Thursday, June 21, 2012

William Shakespeare, Meet Hollywood and Teen

I really find it interesting that so many of the themes of so many American teen flicks have so much Shakespeare in them. Sometimes the Shakespeare in American teen cinema is intentional. 1999’s 10 Things I Hate About You is an update of Shakespeare’s Taming of the Shrew. 2001’s O is an update of Shakespeare’s Othello. 2006’s She’s the Man is an update of Shakespeare’s Twelfth Night. 1961’s West Side Story is an update of Shakespeare’s Romeo and Juliet.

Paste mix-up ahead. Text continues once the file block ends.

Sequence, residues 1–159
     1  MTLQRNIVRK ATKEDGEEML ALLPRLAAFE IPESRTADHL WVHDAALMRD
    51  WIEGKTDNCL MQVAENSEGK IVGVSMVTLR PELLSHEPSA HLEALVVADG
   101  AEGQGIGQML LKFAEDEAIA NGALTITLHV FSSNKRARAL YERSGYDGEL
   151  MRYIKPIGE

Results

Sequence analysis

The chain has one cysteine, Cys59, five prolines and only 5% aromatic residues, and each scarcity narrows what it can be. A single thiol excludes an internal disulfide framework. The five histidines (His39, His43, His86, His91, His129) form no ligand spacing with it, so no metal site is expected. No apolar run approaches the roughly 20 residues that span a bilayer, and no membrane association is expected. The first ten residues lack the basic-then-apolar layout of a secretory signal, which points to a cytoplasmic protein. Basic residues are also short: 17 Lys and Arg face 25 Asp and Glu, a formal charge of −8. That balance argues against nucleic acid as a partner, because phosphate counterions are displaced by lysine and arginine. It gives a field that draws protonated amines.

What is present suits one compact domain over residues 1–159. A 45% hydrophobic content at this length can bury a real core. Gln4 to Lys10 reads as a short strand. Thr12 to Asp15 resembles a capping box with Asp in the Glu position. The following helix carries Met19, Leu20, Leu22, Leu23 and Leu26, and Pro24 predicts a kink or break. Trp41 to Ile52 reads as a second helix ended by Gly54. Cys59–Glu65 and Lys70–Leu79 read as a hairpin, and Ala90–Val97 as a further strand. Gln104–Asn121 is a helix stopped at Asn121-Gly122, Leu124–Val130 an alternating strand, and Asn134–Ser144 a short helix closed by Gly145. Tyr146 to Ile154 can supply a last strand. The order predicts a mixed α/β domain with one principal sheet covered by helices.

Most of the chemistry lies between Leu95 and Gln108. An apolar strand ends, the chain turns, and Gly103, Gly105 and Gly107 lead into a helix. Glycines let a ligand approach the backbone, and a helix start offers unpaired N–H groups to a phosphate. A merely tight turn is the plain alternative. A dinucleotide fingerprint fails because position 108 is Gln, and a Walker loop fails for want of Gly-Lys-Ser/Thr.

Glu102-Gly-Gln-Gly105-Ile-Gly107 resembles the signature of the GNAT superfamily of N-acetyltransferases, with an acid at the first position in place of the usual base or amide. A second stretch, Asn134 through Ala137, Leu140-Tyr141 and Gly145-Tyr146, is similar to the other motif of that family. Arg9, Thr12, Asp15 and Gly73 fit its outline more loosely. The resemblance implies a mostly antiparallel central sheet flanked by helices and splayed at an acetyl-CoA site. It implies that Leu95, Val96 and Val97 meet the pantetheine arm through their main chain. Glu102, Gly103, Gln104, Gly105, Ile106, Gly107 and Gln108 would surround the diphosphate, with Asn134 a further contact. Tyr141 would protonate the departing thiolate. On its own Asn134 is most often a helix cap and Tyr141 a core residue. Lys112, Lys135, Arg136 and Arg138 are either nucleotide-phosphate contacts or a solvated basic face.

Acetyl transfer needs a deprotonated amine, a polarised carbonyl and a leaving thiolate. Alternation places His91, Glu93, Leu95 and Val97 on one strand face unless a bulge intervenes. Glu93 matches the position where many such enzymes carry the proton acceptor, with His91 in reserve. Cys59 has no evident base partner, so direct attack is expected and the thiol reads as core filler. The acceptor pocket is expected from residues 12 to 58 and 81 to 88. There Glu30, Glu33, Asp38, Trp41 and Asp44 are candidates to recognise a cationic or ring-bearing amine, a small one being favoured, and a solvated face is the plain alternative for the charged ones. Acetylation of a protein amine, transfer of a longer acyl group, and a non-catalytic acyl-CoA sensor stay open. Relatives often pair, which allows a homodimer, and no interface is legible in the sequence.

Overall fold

There is a lot of Romeo and Juliet in another teen film I recently watched, one of the films from, to paraphrase Buffy Summers, the legendary Molly Ringwald and John Hughes oeuvre, 1986’s Pretty in Pink. Like Romeo and Juliet Pretty in Pink is about the forbidden high school love between the “low grade” “trash” girl from the, literally, wrong side of the tracks, Andie (Molly Ringwald), and the “richie” boy from the right side of the tracks, Blaine. Unlike Shakespeare’s Romeo and Juliet, which ends in tragedy, Pretty in Pink ends in standard Hollywood fashion with girl getting boy despite and in spite of the animosity of the “riches” for the New Wave coutured “trashies” (the film moves primarily to the beat of a "hip" New Age soundtrack that includes the title tune by the Psychedelic Furs and songs by Nik Kershaw, New Order, The Rave-Ups, and Echo and the Bunnymen; can you say target demographic?) and the “trashies” for the preppy designer label “richies”. Presumably Andie and Blaine lived happily ever after, after their reconciliation at the prom in the final scene of Pretty in Pink. And presumably so did “Duckie” (Jon Cryer) who finally gave up animosity toward Blaime, finally gave up his obsession with Andie, and finally found what looks like his one true "Duckette" (Kristy Swanson) at the prom. Ah, true teen love. Cue uplifting happy ending. Cue uplifting music. Cue Hollywood's own Hooray for Hollywood. Two and a half stars.



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